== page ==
Wednesday, May 9, 2012

One of THOSE days...

It is best that I am writing this today and not yesterday.  By 8th period I was DONE!  I was so frustrated and upset with my 6th graders that I did something I rarely do... I left without even cleaning up my room.  I just had to "get a break."

We have been working on our printmaking projects and to fill in the printing time I assigned a illustration project.  They researched different illustrators they liked and even had to reflect on one they did not.  They had time to plan, sketch and reflect before starting a final copy.  Their final copy could be an inside the book illustration or the book cover.  Besides the fact that I am getting a least 2 'mocking jay pin covers' for the Hunger Games (a complete copy of the cover that already exists), I am getting a bunch of poorly done projects.

This was supposed to be a lesson that would interest them and keep them working hard till the last week when we would have a "fun" project.  

The drawings are lacking authors... I am asked multiple times each class, "who is the illustrator?"  (who is doing the drawing)...  They are drawing floating objects with no horizon line....  They have forgotten everything about craftsmanship.  UGH!

Here is a few of what I was expecting...

...and what I am getting a lot of...
When I sent this student back to work on it more, I was informed that this is his best work  (He spent 10 minutes on it) and he wasn't going to do any more.  I know that I can give him a grade that reflects his level of effort but this is frustrating to me.  This student is exceptionally bright and honest but his attitude and lack of caring keep him from being a shining star in his class.  He could be a leader in his class but chooses to be the instigator (you know the one who taps the desk just to make noise and just to see if he can get away with it).  I think this is one of the hardest parts of teaching for me.  Seeing a student with so much ability who consistently makes choices that squander his talents.  I can't make him care so I just pray that someday he will meet someone who "jump starts his ability." 

Does anyone have any advice?  What do you do to keep kids working hard until the end of the year?  How do you keep kids motivated on a lesson that takes more than 2 weeks?  


  1. Hi Jen, I've visited your site several times - of course I stumbled upon it through Pinterest. When I read this entry from all the way back in May, I was so surprised no one had commented. I teach art now (K-6), but I used to teach English, History, and Humanities in high school and middle school. I'm not sure how you presented the lesson and your expectations, but I had disappointing experiences on large end of the year projects also. On what was to be the culmination of what they learned - it ended up a joke for far too many. I'd be angry and frustrated.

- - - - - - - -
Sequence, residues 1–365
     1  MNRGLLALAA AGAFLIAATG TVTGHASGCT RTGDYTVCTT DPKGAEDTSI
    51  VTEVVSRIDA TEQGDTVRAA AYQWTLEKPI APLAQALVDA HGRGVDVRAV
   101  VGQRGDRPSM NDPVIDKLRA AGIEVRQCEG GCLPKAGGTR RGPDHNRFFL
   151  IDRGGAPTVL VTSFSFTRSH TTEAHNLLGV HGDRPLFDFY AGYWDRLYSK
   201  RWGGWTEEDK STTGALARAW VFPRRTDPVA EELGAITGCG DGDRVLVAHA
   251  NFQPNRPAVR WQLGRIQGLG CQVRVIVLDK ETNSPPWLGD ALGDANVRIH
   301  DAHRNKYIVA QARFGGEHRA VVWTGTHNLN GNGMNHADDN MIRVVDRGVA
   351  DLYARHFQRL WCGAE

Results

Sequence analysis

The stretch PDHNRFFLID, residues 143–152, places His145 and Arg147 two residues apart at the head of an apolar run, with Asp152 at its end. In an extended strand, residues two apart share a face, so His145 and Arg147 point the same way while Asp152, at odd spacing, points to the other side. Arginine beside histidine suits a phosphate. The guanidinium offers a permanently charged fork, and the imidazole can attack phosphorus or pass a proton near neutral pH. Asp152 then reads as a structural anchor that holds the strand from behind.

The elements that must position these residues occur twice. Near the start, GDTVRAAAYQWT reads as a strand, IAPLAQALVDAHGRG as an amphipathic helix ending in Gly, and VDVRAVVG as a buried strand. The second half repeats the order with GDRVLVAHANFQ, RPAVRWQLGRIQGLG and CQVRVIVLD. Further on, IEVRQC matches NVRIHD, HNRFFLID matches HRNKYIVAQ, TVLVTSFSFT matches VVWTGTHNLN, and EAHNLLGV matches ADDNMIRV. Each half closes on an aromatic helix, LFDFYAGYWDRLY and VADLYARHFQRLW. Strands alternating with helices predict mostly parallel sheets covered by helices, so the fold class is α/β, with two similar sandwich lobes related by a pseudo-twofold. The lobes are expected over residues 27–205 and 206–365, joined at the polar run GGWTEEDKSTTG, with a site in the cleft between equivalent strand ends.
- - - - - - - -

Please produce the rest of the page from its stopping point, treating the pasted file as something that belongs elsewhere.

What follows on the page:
Now, you may have all ready done this, but here's what I learned!

    1) HUGE, fanfare introduction! Expressing the magnitude of the project, how engaging yet complex it would be, how I would be there to walk them through every step of the way, "I know you can do this" pep talk.
    2) Project expectation signed by parents
    3) Step by step, day by day check list. Here's what we're working on today. Here's what needs to be done by the end of class. Everything needs to be done incrementally. I know it flies in the face of open creativity and allowing kids to problem solve and figure it out, so that's where you lead the discussion, brainstorm as a class or in small groups, create lists, etc.
    4) Project Evaluation Create a guideline for the kids to follow and fill out evaluating their piece. This sheet has to contain a variety of different things for them to look at and do - not just a check list. "Where is the horizon line?" (have them draw it on a rectangle on the paper. "Name three elements of art you included." "When you squint your eyes, what is the focal point?" Show a number line: "How would you rate neatness? Use of color? etc. etc." "If you could change something, what would it be?" "What are you proud of." Sometimes the evaluation would go home and parents would be their peer editor - for writing.

    Then they were given the opportunity to write a quick proposal for a one or two day extension. (Again signed by parents)

    This takes more teacher time and energy, but the projects were so much better and so much easier to grade!

    I don't have end of the year projects because I have new sets of students every seven weeks - some continuing, some not. I miss consistency!

    (from Seattle)